The face of the new European order was determined by the final acts of the 1815 Congress of Vienna. These aimed to restore dynastic rule in European countries and to use this restoration of old relations as a basis for peace. Due to the experience of years of warring, perpetual readiness for war and the attendant expenditure that burdened national budgets, as well as the ongoing threat of revolution, European monarchies had, after 1813, developed a complex system of alliances, which ultimately resulted in a reversal and in the coalition’s victory against Napoleon, mostly replaced the strategic and military rivalry between countries that used to be the norm in 18th century, and created conditions that would allow for peace and stability in Europe. This was an expression of new European policies, which anticipated frequent cooperation of the great powers in order to preserve peace and the balance of power between European countries.
However, if the Anti-Napoleonic Coalition was primarily established in order to prevent a new rise of militarism in France, the Holy Alliance (1815), which united Russia, Austria and Prussia, was created as a sort of additional insurance policy for the monarchs. Dynastic rulers viewed the alliance as an instrument that could, if necessary, be used to stem the spread of the ideas of the French Revolution and to suppress liberal revolutionary movement in Europe.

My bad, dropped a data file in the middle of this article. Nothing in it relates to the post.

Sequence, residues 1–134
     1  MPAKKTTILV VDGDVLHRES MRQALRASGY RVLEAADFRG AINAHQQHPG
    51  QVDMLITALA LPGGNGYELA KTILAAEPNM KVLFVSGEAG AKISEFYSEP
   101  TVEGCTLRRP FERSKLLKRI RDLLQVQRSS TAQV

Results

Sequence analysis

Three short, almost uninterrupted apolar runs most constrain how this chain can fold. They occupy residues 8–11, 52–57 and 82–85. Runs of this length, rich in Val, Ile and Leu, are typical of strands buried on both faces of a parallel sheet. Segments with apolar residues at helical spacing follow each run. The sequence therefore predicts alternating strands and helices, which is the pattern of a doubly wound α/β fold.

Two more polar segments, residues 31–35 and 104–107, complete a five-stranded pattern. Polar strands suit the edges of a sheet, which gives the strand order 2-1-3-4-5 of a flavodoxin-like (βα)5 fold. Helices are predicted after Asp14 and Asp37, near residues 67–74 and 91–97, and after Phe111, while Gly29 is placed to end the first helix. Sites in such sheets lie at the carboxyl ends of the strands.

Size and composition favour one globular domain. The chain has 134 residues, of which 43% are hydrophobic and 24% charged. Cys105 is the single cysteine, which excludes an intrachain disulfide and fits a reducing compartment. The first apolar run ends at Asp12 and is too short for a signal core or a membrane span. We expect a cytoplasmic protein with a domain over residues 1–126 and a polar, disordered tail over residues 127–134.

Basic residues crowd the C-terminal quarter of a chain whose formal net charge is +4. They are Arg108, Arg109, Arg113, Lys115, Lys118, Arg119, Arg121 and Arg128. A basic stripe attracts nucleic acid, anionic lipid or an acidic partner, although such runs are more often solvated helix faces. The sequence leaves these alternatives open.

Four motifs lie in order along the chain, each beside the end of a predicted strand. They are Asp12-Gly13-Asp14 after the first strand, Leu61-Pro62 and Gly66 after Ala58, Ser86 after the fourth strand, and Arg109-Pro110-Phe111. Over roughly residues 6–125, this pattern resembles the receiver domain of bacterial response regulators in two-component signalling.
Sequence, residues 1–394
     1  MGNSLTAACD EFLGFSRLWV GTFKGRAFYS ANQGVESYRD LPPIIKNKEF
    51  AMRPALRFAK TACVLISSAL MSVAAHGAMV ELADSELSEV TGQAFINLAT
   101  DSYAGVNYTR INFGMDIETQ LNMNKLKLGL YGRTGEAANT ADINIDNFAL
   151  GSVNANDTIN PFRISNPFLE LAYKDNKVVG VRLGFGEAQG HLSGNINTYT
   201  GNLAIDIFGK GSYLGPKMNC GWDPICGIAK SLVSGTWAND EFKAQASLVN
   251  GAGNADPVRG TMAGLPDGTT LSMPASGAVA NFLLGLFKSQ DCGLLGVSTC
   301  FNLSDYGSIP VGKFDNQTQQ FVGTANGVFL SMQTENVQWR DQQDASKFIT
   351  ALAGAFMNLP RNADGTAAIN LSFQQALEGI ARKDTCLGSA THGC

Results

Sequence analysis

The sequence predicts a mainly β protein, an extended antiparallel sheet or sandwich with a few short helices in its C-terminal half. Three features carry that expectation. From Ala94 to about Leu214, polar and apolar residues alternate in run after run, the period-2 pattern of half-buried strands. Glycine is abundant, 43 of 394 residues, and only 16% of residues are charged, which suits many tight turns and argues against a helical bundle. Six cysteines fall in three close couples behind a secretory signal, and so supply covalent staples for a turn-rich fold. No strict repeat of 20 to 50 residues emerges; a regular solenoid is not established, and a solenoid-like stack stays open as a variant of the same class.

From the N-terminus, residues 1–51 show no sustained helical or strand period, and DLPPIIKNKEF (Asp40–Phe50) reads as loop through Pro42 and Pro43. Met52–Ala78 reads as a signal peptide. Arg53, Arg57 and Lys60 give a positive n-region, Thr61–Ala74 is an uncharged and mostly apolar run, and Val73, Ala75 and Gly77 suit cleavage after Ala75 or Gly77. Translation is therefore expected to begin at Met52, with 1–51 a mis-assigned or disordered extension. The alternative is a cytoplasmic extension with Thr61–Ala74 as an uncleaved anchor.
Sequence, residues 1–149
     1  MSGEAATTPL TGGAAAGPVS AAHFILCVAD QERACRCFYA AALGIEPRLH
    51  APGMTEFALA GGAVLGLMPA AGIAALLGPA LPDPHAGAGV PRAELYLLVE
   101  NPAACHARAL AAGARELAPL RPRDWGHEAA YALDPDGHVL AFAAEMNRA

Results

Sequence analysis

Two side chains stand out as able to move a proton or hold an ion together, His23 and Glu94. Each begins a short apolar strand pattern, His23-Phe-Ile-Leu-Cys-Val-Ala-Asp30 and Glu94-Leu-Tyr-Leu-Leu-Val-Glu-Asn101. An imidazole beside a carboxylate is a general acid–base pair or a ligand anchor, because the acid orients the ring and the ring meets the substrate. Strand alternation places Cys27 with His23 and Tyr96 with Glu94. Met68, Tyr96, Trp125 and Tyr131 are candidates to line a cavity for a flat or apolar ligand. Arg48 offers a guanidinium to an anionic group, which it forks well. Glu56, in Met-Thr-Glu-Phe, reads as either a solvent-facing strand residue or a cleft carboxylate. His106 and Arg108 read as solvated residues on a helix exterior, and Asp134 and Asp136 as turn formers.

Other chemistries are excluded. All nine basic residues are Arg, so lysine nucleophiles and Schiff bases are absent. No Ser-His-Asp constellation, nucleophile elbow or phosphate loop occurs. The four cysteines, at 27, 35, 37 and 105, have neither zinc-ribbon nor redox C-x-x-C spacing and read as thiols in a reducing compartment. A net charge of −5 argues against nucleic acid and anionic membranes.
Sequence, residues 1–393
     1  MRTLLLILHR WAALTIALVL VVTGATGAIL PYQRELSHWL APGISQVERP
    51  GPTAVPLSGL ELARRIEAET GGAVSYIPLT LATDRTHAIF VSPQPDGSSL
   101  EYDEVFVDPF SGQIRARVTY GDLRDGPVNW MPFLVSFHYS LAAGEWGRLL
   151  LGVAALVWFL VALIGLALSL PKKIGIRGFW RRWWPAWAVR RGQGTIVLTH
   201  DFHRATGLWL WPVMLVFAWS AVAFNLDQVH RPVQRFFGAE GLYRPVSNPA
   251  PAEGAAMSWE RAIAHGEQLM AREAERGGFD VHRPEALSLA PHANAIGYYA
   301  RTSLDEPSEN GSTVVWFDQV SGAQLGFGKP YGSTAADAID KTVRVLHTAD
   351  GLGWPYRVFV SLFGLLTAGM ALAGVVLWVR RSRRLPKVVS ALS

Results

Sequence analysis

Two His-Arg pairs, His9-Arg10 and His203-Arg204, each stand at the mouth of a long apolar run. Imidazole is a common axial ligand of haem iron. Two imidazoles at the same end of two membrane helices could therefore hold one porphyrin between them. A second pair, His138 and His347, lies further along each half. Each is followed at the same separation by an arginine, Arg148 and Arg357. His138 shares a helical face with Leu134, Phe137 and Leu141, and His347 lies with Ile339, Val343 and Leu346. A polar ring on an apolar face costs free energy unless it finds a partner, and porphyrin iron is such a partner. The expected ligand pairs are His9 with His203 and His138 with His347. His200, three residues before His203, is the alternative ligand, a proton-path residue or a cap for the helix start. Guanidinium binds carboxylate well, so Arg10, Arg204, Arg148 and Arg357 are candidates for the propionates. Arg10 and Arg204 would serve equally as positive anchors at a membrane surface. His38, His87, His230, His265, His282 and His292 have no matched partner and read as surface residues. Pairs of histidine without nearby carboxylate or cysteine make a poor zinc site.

Just over a year after the Congress of Aix-La-Chapelle in the autumn of 1818, where the great powers readmitted France into their company, the order and unity of the alliance faced a serious challenge. Following a liberal uprising in January, Spanish King Ferdinand VII was forced to swear on the constitution in March 1820.
Particularly bothered by the events in Spain was Russian Czar Alexander I who wished to immediately activate the Holy Alliance and intervene in the name of legitimacy. However, as France wasn’t able to do so yet, Austria didn’t want to push the idea, which was staunchly opposed by Great Britain.
If the Holy Alliance didn’t manage to intervene in Spain, the story in Italy already took a different course. The revolution in the Kingdom of the Two Sicilies was simply too close to Austria, the key founder of the European order from 1815. Foreign Minister Klemens von Metternich was adamant: the Neapolitan revolution was a threat to the European stability and order that were established at the Congress of Vienna, and the alliance thus had the right to intervene.